Subsidies often keep poor hungry, boost fiscal deficits and encourage corruption
WASHINGTON – Global food prices declined for three consecutive quarters, then rose in May and June, remaining close to historical peaks. Some countries with high poverty and weak safety nets are now responding to this chronic volatility by scaling up consumer food subsidies but these are often counter-productive, the World Bank Group’s quarterly Food Price Watch reported today (July 25, 2013).
“Poorly designed food subsidy programs that lack transparency and accountability in implementation do not benefit poor people. These programs can be very costly and prone to corruption, and waste scarce fiscal resources,” said Jaime Saavedra, World Bank Group’s Acting Vice President for Poverty Reduction and Economic Management. “Reforming such programs is a policy priority, leading the way to smart subsidies that target the most needed and complement existing safety nets.” Saavedra added.
International food prices have declined for the third consecutive quarter and are now 12% below the historical peak in August 2012, according to the World Bank’s Food Price Watch report. But the report says the continued popularity of food subsidies often do not deliver the results policy makers are seeking.
According to the latest edition of the Food Price Watch, global food prices continued to fall between February and June 2013 – a trend observed since the recent all-time peak in August 2012 – but prices were only 12 percent below the August peak. Higher production, declining imports and lower demand generally pushed export prices down although international markets continue to be tight for maize (corn).
Current prices of wheat reflect expectations that world production will rebound this year from last year’s declines. Rice prices continued to decrease moderately from a combination of offsetting factors. Downward price pressures from good harvests in Thailand and Vietnam counteracted upward pressures from increasing demand and thinner supplies in India, Pakistan, the United States, and South America.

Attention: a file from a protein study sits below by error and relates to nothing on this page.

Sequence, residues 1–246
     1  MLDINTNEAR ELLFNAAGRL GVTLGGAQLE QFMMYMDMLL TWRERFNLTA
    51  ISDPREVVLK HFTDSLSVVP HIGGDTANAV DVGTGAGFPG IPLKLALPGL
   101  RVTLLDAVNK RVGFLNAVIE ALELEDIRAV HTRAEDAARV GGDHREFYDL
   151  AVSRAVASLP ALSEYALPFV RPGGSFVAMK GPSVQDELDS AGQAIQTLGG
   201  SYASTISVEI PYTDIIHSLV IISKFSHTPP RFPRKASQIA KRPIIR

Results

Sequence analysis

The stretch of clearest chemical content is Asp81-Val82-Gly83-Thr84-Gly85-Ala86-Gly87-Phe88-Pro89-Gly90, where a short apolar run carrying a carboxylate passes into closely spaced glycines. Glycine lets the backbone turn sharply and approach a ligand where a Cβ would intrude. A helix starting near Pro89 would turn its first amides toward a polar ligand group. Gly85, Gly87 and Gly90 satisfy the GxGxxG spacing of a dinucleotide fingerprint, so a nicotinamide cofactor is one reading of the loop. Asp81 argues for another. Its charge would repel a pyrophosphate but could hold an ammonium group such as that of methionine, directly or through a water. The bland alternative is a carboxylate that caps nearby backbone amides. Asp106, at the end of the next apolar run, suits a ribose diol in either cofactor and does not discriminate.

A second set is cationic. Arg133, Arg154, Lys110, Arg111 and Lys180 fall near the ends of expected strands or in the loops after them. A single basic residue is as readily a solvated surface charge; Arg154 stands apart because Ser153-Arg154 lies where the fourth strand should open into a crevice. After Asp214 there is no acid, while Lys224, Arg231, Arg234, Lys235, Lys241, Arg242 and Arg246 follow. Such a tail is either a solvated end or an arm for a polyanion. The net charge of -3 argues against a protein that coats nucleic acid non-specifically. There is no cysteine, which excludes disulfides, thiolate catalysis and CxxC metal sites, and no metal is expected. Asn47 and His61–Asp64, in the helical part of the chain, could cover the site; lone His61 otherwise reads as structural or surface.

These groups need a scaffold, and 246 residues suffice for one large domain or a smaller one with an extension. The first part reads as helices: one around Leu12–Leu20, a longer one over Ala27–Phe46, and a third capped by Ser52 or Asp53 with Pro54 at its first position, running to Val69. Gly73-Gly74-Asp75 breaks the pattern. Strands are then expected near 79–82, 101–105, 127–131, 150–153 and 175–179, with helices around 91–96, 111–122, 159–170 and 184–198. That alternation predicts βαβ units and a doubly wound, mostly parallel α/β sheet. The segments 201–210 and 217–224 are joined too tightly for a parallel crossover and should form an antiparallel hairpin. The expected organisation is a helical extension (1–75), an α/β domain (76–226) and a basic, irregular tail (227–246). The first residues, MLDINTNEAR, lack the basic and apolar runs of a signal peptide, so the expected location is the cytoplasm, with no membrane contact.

Looking ahead, uncertainty in the international market remains. Recently unfavorable weather conditions in northern and central Europe, the Russian Federation and China may affect the prospects of a rebound in the world wheat production. The current situation in Egypt may also impact international markets of wheat, given Egypt is the world’s top wheat importer.
Domestic prices meanwhile generally followed seasonal trends but wide variations continued: where prices rose between February and June 2013 it was mainly due to a combination of factors including bad weather, dwindling supplies, currency devaluations and public procurement policies.
How the World Bank Group is helping
- Investment in agriculture and rural development is a priority for the World Bank Group, which boosted agriculture and agriculture-related investment to over $9 billion in FY12.IBRD/IDA assistance in FY12 was the highest in 20 years.
- IFC made $4.5 billion in private sector investments across the food supply chain in FY13. These investments supported projects that promote access to finance, access to inputs like seeds, equipment and advice, and access to markets through infrastructure and food-processing facilities.
- The WBG supports the Global Agriculture and Food Security Program (GAFSP). Nine countries and the Gates Foundation have pledged about $1.3 billion over 3 years, with $959.8 million received.
- The Global Food Price Crisis Response Program (GFRP) has reached 66 million people in 49 countries – through $1.56 billion in emergency support. As of July 2012, the Bank’s emergency response is channeled through IDA’s Crisis Response Window and the Immediate Response Mechanism.
- Boosting IBRD/IDA allocations to safety nets (rose sixfold from $1.2 billion in the FY06-08 pre-crises period to over $10 billion in FY09-12.
- Coordinating with UN agencies through the High-Level Task Force on the Global Food Security Crisis and with non-governmental organizations, and supporting the Partnership for Agricultural Market Information System (AMIS) to improve food market transparency.
- Advocacy for more investment in agriculture research–including through the Consultative Group on International Agriculture Research (CGIAR) – and monitoring agricultural trade to identify potential food shortages.
- Supporting improved nutrition among vulnerable groups: As of FY12, it is estimated that the World Bank has reached 14.3 million pregnant and lactating women, adolescent girls, and children under five with basic nutrition services. The Bank is also an active member of the Scaling Up Nutrition global movement Scaling Up Nutrition movement and supports the SecureNutrition Knowledge Platform www.securenutritionplatform.org which aims to improve nutrition through agriculture investments.
IFC is launching the Global Irrigation Program (GIP), providing support to irrigation suppliers to increase availability and access for efficient irrigation equipment to better manage water use for agriculture.